As a testament to how great of a job my friend and colleague Ken Weaver did as the Beer Editor of FSR (a trade magazine for the, wait for it, Full Service Restaurant… and yes there is a QSR magazine), it took two of us to replace him when he left. That means every other month Jeff Cioletti pens a column about beer in FSR’s “Liquid Intelligence” department along with 8 beer reviews, and then we switch off. For my first column in the June 2016 issue, inspired by that thing we get inversely proportionally to beer (the sun. I’m talking about sunshine.), I tackled the heady subject of beer menus at pubs with killer patios/beer gardens.
I might have been inclined to call pitting San Diego against Portland a fool’s errand, since both of them are clearly so awesome. But my editor Ezra Johnson-Greenough gave me explicit instructions: “don’t pull your punches (and) at least take off your gloves and slap someone with them.” Hence the above-linked blog from March 2014 in The New School.
So as a solid to him, rather than bring up, and then put on par, places like Boulder/Denver/Ft. Collins, the Bay Area, Asheville, Grand Rapids, Philly, Austin, Vermont, and others that all make reasonable claims, I will do what Portlanders are too polite (or dismissive) to do during Charlie Papazian’s annual BeerTown USA poll. Bottom line: in terms of volume and global awe and respect, it comes down to Portland, Oregon, and San Diego, California. And as everyone who’s seen The Highlander knows, there can be only one!
It’s a debate I didn’t start. And one I didn’t finish. It’s blazing ever brighter today. A half pint for your thoughts on the matter in the comments.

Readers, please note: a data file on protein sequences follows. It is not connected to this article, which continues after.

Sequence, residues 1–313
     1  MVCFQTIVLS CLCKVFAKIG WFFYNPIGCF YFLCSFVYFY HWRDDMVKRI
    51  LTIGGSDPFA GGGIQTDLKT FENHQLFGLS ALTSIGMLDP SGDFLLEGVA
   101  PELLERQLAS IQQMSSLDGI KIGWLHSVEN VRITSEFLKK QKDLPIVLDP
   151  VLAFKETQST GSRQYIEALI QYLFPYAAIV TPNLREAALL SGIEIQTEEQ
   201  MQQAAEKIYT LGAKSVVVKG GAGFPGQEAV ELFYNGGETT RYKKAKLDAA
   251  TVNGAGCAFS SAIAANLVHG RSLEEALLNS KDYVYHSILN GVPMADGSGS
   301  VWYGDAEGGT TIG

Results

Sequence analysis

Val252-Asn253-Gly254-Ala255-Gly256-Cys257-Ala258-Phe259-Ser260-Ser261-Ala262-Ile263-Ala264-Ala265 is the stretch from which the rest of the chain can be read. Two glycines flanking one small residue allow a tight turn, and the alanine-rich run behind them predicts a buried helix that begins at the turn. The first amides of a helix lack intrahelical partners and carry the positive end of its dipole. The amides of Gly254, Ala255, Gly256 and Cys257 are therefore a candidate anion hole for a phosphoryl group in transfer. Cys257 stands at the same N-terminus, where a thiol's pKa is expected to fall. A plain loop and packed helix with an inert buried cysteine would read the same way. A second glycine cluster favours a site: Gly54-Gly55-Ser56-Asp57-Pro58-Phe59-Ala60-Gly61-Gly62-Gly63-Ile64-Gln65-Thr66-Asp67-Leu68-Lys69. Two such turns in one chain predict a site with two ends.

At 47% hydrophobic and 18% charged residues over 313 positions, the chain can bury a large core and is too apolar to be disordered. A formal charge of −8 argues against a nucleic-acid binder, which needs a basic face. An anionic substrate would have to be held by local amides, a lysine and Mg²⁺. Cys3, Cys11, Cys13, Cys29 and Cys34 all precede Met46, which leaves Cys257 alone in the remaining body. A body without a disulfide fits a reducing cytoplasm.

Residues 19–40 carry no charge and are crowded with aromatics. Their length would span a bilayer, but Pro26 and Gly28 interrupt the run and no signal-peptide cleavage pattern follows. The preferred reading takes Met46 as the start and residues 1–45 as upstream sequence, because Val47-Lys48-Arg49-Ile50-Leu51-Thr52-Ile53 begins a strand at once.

All the IBUs. Half the ABV. Welcome to the India session ale (ISA). This is the story for CraftBeer.com that inspired one of my most revered beer writer colleagues, Martyn Cornell from the UK, to posit, “India Session Ales – tremendous new trend or oxymoronic category fail?” What’s your favorite sessionable IPA? What’s your take on the debate over this style?
The Craft of Stone Brewing (AAB, Vol. 33, Iss. 2, 2012) is the hoppy, tell-all from CEO Greg Koch and co. It benefits from reading more like you’re listening to all the players spinning yarns on a front porch (of an industrial business park in North County San Diego).
To kick off 2011 in All About Beer (Vol. 32, Iss. 1) I looked at how beers today are conceived quite differently than when beer itself was still being created. Many generations and scientific breakthroughs later, some brewers strive to recreate traditional styles while others run shrieking from them. Authenticity versus innovation (or authenticity plus innovation) are factors allowing so deep a field of brewers to give birth to new beers.